On Mon, Jun 17, 2019 at 8:44 AM Georgi Djakov <georgi.djakov@xxxxxxxxxx> wrote:
On 6/14/19 07:17, Saravana Kannan wrote:
Add a icc_create_devfreq() and icc_remove_devfreq() to create and remove
devfreq devices for interconnect paths. A driver can create/remove devfreq
devices for the interconnects needed for its device by calling these APIs.
This would allow various devfreq governors to work with interconnect paths
and the device driver itself doesn't have to actively manage the bandwidth
votes for the interconnects.
Thanks for the patches, but creating devfreq devices for each interconnect path
seems odd to me - at least for consumers that already use a governor.
Each governor instance always handles one "frequency" (more like
performance) domain at a time. So if a consumer is already using a
governor to scale the hardware block, then using another governor to
scale the interconnect performance points is the right way to go about
it. In fact, that's exactly what devfreq passive governor's
documentation even says it's meant for. That's also what cpufreq does
for each cluster/CPU frequency domain too.
So for DDR
scaling for example, are you suggesting that we add a devfreq device from the
cpufreq driver in order to scale the interconnect between CPU<->DDR?
Yes in general. Although, CPUs are a special case because CPUs don't
go through devfreq. So passive governor as it stands today won't work.
CPU<->DDR scaling might need a separate governor (unlikely) or some
changes to the passive governor that I'm happy to work on once we
settle this for general devices like GPU, etc. But the DT format for
CPUs will be identical to GPUs or any other device.
Also if the
GPU is already using devfreq, should we add a devfreq per each interconnect
path? What would be the benefit in this case - using different governors for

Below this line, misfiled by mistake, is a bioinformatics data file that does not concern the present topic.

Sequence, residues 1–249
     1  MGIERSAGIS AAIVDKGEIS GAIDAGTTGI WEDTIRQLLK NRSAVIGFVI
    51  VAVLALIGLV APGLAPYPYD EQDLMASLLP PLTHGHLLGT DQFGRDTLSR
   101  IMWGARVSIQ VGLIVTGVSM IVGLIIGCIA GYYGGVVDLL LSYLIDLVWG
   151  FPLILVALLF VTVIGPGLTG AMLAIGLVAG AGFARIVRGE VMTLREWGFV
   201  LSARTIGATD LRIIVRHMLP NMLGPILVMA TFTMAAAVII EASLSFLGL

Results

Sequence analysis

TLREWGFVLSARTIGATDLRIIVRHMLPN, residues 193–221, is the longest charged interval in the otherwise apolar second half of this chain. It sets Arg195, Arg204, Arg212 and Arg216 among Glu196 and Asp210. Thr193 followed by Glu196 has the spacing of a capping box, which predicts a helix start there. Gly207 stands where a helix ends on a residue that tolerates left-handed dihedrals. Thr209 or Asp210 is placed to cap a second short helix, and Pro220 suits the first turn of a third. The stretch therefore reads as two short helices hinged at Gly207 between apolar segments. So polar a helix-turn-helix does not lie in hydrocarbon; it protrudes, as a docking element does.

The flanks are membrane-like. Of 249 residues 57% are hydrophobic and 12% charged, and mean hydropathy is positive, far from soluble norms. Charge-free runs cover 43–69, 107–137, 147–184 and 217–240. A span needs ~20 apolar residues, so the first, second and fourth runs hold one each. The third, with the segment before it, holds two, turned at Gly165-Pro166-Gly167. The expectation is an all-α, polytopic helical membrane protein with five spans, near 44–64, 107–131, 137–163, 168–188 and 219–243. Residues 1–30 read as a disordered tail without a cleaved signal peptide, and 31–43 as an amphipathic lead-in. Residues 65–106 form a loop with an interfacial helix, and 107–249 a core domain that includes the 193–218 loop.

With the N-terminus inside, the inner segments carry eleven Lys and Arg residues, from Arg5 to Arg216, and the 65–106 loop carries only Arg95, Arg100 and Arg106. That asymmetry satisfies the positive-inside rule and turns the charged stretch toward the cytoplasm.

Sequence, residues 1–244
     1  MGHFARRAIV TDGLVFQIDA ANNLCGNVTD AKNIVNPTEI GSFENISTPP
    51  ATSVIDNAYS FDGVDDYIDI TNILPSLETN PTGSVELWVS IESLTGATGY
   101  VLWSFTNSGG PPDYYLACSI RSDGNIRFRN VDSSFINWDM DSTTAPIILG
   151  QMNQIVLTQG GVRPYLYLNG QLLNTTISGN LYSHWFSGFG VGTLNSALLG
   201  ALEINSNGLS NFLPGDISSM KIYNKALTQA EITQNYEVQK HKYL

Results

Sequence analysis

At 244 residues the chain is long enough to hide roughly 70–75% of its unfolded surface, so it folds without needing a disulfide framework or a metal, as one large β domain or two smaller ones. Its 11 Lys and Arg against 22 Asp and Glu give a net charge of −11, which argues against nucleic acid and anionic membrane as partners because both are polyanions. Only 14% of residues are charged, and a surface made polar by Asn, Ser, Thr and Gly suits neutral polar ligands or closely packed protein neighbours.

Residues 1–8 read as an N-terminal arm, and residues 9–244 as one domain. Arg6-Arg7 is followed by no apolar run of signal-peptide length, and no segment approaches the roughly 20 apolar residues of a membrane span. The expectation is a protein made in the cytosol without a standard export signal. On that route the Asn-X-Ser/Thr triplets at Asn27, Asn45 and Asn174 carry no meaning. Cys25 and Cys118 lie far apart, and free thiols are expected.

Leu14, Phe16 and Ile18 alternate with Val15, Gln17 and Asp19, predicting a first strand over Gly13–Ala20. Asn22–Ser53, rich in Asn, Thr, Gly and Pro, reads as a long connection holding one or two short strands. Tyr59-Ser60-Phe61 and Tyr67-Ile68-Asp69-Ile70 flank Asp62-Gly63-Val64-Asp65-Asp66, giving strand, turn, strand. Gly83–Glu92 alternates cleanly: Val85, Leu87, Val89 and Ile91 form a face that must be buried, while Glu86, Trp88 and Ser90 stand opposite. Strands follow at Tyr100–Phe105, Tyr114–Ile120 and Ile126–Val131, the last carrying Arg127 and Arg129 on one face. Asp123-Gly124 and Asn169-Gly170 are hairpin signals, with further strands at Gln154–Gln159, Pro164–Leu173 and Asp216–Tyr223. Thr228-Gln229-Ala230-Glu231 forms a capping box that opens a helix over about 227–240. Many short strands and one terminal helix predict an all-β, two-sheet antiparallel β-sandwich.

bandwidth scaling maybe?
When saying "separate/different governors" in this email, I mean both
different instance of the same governor logic with different tunables
AND actually different algorithms/governor logic entirely.
The heuristics to use for each interconnect path might be (more like,
will be) different based on hardware characteristics (Eg: what voltage
domains the interconnect is sitting on) and what interconnect
information is available (Eg: Just busy time vs bandwidth count vs no
information etc) -- so having separate governors for each interconnect
path makes a lot of sense. It also allows userspace to control the
policy for scaling each of those paths based on product use cases.
For example, when the GPU is just doing simple UI rendering, userspace
can use the max_freq sysfs file for the devfreq device to disallow high
bandwidth OPPs on the GPU<->DDR path, but those higher OPPs could be
allowed by userspace when the GPU is used for games. Having devfreq
device for each interconnect path also make it easy to debug
performance issues -- you can independently change the votes for each
path to figure out what is causing the bottleneck, etc.
Adding a devfreq device for interconnect voting with a few lines gives
all these features "for free".
This doesn't mean all users of interconnect framework NEED to use
devfreq for interconnect. They might do it simply based on
calculations based on the use case (Eg: display driver from display
resolution). But if they are trying to use any kind of
algorithm/heuristics, writing it as a devfreq governor should be
Also want to point out that BW OPPs also work for drivers that don't
use devfreq at all. The interconnect-opp-table just lists the
meaningful OPP leveld for the path and the device driver can pick one
entry from the table based on the use case.